Did You Know: Fire Snails Only Exist In Malaysia And They Look Badass

Doing goth right.

Cover image via Twitter @wildflowerdaysi

Fire snails are probably one of the coolest looking snails ever

Just take a look at 'em!

Here are some facts we discovered about these bad boys:

1. Fire snails can only be found in Malaysia and are the largest endemic snails in the country

It was first discovered in Telom Valley, Cameron Highlands in 1938. However, since then, it has also been spotted in Temenggor in Perak and Kelantan – but never anywhere else.

Known as Platymma tweediei, the mollusk is also called 'fire snail' because of its bright, red foot.

It has a distinctive, black shell, which TBH, contrasts perfectly with its red colour and adds to its gangster vibe.

According to OddityCentral, its shell can grow up to 7cm in diameter.

Image via Facebook

2. Fire snails live within a 100km radius in Cameron Highlands

It loves cool yet humid weather, which explains why it survives in Tanah Rata compared to places in Europe.

Malacologist (a zoologist who studies mollusks) Junn Kitt Foon believes that the rare snail is found within a 100km radius of Cameron Highlands and lives 1,000 metres above sea level because it can only survive in specific conditions.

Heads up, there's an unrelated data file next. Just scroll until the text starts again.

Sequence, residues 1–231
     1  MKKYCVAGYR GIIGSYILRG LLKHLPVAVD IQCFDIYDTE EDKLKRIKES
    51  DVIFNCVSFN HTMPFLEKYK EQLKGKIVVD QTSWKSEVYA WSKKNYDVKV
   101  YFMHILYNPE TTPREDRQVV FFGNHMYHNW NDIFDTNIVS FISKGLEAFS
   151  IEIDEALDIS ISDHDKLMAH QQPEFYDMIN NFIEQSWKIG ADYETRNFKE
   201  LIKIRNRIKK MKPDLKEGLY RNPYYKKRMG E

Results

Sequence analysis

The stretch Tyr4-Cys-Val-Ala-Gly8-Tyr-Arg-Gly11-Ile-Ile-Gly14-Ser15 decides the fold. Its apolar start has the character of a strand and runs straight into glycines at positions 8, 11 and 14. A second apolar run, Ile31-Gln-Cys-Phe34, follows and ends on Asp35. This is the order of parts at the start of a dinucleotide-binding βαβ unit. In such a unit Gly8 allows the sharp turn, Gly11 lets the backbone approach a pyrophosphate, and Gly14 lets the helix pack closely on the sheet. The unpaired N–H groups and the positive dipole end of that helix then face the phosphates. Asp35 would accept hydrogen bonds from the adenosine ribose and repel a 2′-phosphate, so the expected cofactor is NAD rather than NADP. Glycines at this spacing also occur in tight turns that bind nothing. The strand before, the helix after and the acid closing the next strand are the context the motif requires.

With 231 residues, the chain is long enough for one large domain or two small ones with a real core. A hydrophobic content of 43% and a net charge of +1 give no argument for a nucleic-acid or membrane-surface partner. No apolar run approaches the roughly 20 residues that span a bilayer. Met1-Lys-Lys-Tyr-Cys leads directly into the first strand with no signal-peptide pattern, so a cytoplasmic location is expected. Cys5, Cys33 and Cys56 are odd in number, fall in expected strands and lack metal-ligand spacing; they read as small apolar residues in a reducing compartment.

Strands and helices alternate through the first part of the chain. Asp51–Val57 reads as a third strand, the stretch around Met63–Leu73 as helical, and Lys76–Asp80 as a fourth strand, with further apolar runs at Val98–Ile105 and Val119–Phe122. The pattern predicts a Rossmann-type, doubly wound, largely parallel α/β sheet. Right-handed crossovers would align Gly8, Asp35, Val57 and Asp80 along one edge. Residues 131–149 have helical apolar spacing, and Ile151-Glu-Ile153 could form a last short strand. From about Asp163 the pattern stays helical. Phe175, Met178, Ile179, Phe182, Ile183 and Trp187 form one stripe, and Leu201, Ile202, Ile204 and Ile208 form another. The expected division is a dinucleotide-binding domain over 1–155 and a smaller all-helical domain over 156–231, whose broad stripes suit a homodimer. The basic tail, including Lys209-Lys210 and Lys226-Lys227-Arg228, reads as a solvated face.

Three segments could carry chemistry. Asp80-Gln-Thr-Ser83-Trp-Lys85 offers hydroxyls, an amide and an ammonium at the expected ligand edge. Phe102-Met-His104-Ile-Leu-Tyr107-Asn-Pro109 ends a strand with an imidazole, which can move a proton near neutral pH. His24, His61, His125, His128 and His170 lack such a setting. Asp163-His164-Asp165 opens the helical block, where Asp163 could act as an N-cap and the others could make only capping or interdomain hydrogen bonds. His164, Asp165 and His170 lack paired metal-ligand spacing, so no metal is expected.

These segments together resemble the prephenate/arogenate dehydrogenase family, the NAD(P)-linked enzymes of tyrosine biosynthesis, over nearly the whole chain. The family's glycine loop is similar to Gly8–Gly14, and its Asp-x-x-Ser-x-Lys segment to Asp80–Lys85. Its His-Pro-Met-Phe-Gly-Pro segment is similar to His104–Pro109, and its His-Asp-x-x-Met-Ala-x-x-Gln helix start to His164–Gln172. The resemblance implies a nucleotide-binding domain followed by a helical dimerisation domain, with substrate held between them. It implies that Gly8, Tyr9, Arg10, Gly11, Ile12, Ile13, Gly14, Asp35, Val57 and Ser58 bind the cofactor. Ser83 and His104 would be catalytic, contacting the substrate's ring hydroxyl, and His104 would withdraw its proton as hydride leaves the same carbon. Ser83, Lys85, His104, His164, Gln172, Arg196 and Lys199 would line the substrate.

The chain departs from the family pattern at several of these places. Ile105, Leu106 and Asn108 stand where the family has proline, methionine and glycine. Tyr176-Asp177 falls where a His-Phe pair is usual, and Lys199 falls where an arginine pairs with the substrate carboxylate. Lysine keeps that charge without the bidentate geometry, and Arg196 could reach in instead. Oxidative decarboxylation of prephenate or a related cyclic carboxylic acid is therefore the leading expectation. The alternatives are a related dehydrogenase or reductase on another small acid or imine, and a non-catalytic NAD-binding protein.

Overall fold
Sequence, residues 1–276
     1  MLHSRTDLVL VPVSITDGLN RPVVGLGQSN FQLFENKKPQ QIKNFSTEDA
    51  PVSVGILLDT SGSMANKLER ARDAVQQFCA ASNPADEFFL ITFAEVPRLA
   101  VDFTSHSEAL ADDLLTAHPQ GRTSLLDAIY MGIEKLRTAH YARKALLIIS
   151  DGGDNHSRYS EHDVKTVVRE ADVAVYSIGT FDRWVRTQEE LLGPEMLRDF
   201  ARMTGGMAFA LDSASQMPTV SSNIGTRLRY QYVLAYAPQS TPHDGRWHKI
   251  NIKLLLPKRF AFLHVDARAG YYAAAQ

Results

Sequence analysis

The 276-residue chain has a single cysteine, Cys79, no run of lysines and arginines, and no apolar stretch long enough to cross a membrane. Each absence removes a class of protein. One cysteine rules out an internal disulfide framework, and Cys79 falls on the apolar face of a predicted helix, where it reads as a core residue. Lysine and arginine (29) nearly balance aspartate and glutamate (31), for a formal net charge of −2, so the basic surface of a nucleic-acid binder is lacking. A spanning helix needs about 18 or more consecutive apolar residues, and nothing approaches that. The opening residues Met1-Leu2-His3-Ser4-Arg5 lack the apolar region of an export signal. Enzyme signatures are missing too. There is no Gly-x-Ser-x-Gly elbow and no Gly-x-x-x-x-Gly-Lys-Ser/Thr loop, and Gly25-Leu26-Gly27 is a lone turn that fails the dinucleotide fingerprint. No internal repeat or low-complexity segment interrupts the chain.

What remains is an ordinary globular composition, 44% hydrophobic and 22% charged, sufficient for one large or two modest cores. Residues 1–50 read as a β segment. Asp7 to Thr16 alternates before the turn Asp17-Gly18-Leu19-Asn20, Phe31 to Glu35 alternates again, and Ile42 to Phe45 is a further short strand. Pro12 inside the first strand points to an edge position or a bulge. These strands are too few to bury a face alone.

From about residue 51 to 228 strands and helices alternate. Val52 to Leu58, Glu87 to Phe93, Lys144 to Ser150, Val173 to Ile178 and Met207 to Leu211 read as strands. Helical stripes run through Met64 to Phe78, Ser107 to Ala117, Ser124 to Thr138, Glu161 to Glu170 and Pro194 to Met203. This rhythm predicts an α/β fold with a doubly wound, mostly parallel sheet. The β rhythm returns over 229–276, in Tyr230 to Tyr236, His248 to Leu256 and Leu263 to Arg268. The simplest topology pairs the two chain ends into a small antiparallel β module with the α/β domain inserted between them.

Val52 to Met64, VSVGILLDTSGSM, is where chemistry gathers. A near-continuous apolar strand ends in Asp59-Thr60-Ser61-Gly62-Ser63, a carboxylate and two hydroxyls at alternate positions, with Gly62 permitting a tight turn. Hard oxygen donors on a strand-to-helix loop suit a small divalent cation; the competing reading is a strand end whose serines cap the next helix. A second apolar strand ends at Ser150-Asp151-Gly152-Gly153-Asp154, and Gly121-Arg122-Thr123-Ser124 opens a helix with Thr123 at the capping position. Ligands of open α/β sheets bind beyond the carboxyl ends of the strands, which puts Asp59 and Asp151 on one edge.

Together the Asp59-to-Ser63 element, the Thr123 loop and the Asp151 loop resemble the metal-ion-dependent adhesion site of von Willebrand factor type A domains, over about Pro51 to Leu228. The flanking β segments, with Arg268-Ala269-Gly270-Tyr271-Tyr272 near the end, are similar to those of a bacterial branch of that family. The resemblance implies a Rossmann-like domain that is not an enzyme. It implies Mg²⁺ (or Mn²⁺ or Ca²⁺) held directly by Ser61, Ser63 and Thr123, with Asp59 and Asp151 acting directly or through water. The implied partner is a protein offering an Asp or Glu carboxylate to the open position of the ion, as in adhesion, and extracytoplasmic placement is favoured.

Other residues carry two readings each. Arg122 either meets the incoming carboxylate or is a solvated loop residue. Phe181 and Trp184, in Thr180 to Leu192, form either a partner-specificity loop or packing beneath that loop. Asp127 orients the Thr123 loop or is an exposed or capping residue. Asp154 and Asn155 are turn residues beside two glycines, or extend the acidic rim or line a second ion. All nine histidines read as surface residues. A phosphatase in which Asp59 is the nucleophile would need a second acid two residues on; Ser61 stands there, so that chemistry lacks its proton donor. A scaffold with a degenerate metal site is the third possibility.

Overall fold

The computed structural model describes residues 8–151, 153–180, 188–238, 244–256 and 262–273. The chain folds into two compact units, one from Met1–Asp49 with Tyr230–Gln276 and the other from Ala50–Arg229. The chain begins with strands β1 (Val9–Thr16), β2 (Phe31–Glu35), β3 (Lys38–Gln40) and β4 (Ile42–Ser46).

Image via Facebook

3. Like most snails, fire snails feed on plants, moss, and fungi

Check out a video of it here:

4. Fire snails are seen as treasured items among exotic pet keepers, especially in Germany, Russia, Czech Republic, and Malaysia itself

Forums suggest that the snail became popular among snail terrarium hobbyists because of its large size and bright red colour.

However, it is also said that they are difficult to breed in captivity and are often not able to survive for very long when taken out of their natural habitat. This means that collectors have to constantly source new ones.

Deforestation in Malaysia is another reason why fire snails are on the brink of extinction.

Based on Foon's report in 2014, Malaysia lost 23% of its cloud forests to tourist development and commercial logging, including those in Cameron Highlands.

Image via Nature & Animal

In conclusion, although these are beautiful creatures, they're probably best left in their natural habitat

Habitat loss and wildlife trade on fire snails threatens the survival of this species, so please do not buy them as pets.

And if you happen to spot them in forests, let them live!

Image via Bigsta

Meanwhile, did you know that pitcher plants used for lemang are also on the brink of extinction?

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